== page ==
The GX1 combines the design, styling and physical handling of the GF1 with the latest iteration of Panasonic's touchscreen interface, for an overall handling experience we find unique among any G-series model, past or present. The level of customization offered by a 15 item Q.Menu and four custom Fn buttons (two of which are onscreen) complements the inclusion of a mode dial, dedicated AF/MF button, 4-way controller and thumb dial. The GX1's menu system, like those of other G-series cameras, is fairly straightforward to navigate, without the need to delve into an inordinate amount of sublevel menus. Changing camera settings is in most cases a quick and intuitive process that lets you get on with the act of shooting with a minimum of fuss.
The build quality of the GX1 is defined by a pleasingly substantial heft that balances nicely with a range of Micro Four Thirds zoom lenses. Buttons and dials provide positive tactile feedback and are well-positioned to avoid accidental operation. The nicely textured and prominent handgrip (compared to the GF1) offers a firm platform by which to hold the camera in both landscape and portrait orientations.
The optional LVF2 viewfinder gives GX1 users to ability to add a G3-specified viewfinder. At a list price of $200 though, it adds to the already significant premium you'd be paying for the GX1 over the G3 if you really prefer using an EVF. And while the LVF-2 is lovely to look through, we do wish for a method of automatic, versus manual switching of view between it and the rear LCD screen.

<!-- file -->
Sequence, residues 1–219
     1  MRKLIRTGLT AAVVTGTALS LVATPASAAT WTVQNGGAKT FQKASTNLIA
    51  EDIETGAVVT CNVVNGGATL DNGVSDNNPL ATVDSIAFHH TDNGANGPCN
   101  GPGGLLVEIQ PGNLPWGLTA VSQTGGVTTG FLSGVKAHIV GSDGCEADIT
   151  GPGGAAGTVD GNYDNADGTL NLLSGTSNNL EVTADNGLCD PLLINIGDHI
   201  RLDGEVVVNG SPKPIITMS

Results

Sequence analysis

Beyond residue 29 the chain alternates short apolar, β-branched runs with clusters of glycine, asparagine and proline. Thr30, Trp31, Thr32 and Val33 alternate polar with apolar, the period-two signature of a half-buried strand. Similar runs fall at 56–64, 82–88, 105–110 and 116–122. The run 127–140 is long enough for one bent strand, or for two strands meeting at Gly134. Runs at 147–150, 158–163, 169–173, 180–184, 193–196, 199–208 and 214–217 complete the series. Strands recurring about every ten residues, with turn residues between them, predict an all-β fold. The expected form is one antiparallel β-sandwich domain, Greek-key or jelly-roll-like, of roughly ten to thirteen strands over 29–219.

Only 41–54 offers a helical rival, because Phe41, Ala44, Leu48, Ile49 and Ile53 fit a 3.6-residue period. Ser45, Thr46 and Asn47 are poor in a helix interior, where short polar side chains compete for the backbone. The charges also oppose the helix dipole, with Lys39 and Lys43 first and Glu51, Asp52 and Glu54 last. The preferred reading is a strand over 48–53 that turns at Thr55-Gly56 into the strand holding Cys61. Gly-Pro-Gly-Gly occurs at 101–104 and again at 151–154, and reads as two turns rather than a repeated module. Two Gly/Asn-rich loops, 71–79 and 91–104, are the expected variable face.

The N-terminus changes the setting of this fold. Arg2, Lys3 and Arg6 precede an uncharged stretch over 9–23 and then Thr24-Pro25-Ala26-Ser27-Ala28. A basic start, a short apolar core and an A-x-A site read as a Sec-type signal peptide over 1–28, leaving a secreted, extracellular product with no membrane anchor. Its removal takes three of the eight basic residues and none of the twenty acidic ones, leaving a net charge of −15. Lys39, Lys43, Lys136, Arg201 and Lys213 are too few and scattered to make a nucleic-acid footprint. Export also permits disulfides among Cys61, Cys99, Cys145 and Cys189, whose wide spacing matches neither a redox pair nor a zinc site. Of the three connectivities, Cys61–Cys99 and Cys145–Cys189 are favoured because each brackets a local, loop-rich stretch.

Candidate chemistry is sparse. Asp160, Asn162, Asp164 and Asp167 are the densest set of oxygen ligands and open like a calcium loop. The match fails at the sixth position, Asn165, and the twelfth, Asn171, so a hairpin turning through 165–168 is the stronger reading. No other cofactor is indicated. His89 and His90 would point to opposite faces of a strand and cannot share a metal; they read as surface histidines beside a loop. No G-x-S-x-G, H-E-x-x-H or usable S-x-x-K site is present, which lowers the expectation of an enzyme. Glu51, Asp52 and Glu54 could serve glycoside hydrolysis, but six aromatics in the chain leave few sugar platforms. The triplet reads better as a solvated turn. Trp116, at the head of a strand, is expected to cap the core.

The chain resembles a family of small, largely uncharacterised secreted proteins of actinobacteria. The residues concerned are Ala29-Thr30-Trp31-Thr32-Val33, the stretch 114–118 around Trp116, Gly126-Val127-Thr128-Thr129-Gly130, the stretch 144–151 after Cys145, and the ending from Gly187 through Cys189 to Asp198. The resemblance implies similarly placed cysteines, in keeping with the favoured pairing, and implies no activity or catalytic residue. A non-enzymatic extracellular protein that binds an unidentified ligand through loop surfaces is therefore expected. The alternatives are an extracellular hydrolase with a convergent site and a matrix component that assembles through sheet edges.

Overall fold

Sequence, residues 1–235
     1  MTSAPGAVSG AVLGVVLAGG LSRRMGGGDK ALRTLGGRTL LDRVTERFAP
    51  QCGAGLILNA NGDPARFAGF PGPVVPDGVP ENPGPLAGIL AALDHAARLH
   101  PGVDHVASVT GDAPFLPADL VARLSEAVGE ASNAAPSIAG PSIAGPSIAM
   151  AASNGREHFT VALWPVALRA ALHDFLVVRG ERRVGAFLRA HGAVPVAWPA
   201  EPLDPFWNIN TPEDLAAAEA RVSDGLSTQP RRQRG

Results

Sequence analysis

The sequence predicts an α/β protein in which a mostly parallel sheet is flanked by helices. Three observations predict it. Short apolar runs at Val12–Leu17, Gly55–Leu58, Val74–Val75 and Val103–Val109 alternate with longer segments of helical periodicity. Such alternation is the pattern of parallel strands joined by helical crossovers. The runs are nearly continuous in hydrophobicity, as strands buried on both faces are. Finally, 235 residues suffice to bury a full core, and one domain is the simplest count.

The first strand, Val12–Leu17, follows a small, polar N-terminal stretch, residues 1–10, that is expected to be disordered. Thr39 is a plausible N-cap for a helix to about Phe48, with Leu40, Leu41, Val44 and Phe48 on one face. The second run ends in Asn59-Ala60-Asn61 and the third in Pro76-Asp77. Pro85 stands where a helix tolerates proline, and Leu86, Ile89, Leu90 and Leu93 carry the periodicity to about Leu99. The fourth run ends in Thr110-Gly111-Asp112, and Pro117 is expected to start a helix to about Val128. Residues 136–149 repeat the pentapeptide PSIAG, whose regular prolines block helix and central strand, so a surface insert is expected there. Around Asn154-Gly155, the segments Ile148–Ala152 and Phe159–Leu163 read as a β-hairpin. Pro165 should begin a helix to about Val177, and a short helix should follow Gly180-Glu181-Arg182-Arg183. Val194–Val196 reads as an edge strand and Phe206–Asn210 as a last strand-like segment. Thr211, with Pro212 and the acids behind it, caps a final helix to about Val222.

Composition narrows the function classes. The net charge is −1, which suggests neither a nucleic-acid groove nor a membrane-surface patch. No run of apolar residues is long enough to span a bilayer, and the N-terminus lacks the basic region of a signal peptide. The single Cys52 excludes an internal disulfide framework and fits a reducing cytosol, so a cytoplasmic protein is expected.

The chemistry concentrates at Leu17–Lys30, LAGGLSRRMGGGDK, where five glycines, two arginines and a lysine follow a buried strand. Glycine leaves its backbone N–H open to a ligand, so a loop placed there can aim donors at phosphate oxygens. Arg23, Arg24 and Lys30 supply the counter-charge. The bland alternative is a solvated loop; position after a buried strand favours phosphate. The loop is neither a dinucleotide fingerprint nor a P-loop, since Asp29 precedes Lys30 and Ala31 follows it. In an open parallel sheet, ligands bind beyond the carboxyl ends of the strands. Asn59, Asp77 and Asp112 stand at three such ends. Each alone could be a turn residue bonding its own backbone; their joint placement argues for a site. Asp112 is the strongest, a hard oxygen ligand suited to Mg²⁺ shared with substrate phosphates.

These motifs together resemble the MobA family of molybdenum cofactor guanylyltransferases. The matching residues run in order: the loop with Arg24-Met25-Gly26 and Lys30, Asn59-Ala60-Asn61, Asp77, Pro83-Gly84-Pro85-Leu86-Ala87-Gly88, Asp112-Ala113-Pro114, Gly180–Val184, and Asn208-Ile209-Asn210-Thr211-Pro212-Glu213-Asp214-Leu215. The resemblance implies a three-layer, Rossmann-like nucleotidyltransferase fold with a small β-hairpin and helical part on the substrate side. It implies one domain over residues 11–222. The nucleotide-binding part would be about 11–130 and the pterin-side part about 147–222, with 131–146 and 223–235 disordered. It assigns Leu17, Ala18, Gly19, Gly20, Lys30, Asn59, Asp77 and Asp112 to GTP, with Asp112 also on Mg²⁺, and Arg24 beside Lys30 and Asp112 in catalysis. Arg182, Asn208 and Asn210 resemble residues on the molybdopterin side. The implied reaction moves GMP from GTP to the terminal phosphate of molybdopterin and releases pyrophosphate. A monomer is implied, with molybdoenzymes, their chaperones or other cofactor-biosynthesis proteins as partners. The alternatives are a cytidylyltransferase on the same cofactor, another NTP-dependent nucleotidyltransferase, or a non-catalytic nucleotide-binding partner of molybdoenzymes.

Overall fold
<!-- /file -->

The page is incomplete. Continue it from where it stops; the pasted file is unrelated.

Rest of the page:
The Final Word
Simply put, the GX1 is a camera that gets a whole lot right. Assessing it against its true predecessor, the GF1, you'd have to look very hard to find areas in which it does not represent a clear improvement. Perhaps some users may regret the lack of a drive mode switch that sits alongside the mode dial, but this minor inconvenience would easily be overshadowed by the wealth of touchscreen-enabled functionality, for example.